By Aaron Reiss
By Angelica Leicht
By Dianna Wray
By Aaron Reiss
By Camilo Smith
By Craig Malisow
By Jeff Balke
By Angelica Leicht
Best Record Store -- Cactus
Pre-boom, post-bust and into the next century it seems, the Daily family's Cactus music store sits at the corner of Alabama and Shepherd. In the early days, Cactus sold albums and 8-track tapes and copies of Creem. Some of the store's bags and ads still sport a very '70s Peter Max meets Viva Terlingua fat cactus logo, but CD bins are in, video tapes are rented and the health food store is now on the other side. Some things, though, haven't changed. Cactus continues to support music fans and local musicians. The latest addition to this ever-changing store is a small stage for in-store performances. Jimmy Dale Gilmore has warbled his latest from the stage and customers have enjoyed free shows from the Silos, Tab Benoit, Billy Joe Shaver and son Eddie, Rosie Flores and Lavelle White. When there aren't live performers, you can sample tunes at the CD listening bar or play them for the whole store on a free jukebox. (E.S.)
Best Homegrown National Act -- ZZ Top
Across the nation, when the average rock fan thinks of Houston, Texas, he thinks of two beards and a drummer (technically a Beard as well) laying down a gritty, three-piece blues shuffle. The groove is unmistakable, and ranks among the most instantly identifiable sounds in contemporary music.
Dusty Hill (bass) and Frank Beard (drums) make up the trio's remaining two-thirds, the former exuding undiluted Texas bonhomie while the latter would just as soon drum and race cars as do anything else. Gibbons himself, meanwhile, is the high plains guitar slinger personified, speaking in detached semi-mysticisms that mirror the finer moments of his 20-plus years of Top guitaring.
The Top are expected in Houston later this year, where the hometown folks will experience what is still, without a doubt, Houston's biggest musical export. (C.S.)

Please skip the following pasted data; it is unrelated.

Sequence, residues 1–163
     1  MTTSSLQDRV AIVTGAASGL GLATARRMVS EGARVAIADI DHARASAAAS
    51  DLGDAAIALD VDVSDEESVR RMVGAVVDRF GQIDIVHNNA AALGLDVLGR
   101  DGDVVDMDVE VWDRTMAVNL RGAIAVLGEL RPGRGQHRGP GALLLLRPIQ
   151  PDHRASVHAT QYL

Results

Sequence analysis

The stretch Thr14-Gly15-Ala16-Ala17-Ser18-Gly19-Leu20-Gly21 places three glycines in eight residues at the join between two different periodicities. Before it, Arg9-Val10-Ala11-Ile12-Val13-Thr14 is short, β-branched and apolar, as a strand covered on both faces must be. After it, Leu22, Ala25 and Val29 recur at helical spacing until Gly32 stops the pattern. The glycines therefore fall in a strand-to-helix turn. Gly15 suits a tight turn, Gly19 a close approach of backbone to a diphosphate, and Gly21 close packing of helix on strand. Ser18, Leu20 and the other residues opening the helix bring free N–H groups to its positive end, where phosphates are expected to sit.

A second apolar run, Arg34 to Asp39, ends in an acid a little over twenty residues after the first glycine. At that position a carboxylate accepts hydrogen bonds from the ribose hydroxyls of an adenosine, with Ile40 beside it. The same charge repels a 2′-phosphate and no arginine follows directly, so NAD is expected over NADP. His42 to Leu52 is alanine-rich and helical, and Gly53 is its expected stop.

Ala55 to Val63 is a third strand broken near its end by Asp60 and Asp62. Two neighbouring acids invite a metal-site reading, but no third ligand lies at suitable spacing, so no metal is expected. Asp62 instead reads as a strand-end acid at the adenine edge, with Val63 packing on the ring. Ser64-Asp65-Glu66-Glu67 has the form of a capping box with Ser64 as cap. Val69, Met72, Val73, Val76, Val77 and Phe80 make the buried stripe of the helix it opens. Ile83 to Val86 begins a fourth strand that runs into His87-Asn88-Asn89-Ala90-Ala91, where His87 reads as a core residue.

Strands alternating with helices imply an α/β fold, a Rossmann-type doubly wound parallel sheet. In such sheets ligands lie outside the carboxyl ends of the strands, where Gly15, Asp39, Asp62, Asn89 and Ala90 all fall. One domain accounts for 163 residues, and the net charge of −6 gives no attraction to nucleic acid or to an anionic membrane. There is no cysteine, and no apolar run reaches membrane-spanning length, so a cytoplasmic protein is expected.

Lifetime Achievement Award -- Albert Collins
Nowadays, young blues guitarists endure a requisite phase of Stevie Ray Vaughan mimicry, but 40 years ago the man who served as hero to dozens of young bluesmen was Texas guitar legend T-Bone Walker. Albert Collins studied Walker's style with the obsessive dedication he became known for and, for a while, learned it all too well.
While Albert Collins was still living upstairs from a Third Ward barbershop, black entrepreneur Don Robey had a hammerlock on the Houston blues scene. After a few years of gigging around Houston, jamming continually with a host of Third Ward apprentice gunslingers such as Johnny Copeland, Joe Hughes, Sonny Rhodes and Little Joe Washington, Collins auditioned for Robey. Robey declined to record Collins, and his reasons laid the foundation beneath Collins' later and greater incarnation as the "Iceman." Houstonian Bobby McLaine, who played bass behind Collins in the early 1960s, remembers it this way: "Albert went over to the studio on Arista, Duke Records, and they told him, 'We don't need another T-Bone Walker. You need to establish your own sound.'"
When Albert Collins decided to take advice, he took it all the way. According to McLaine, "Albert started doing his own thing. He tuned his guitar different, played with a capo, didn't use a pick, and he had these special strings he liked to use. Albert would choke those strings so tight... to this day I don't know why he didn't cut his fingers to the bone."
Since the death of Albert Collins last November 23rd, hundreds of articles, obituaries, poems and biographies have mourned his passing and praised his legacy. Friends both close and casual have choked up as they remembered the genial man who gave them advice, encouragement, jobs and enjoyment. Volumes have been written about the man who went from Walter's on Lockwood and Leroy's Grill on Scott to the Fillmore and Carnegie Hall, and did it all without ever learning the unofficial industry rule that a world-class musician and a hell of a nice guy are mutually exclusive characters.
You can read about Albert Collins for days, or you can turn the stereo up loud and listen to the first notes of "The Freeze," "Black Cat Bone" or a dozen other songs, and you'll know in your soul what all those articles were really trying to get at, and why he deserves this year's Lifetime Achievement Award. (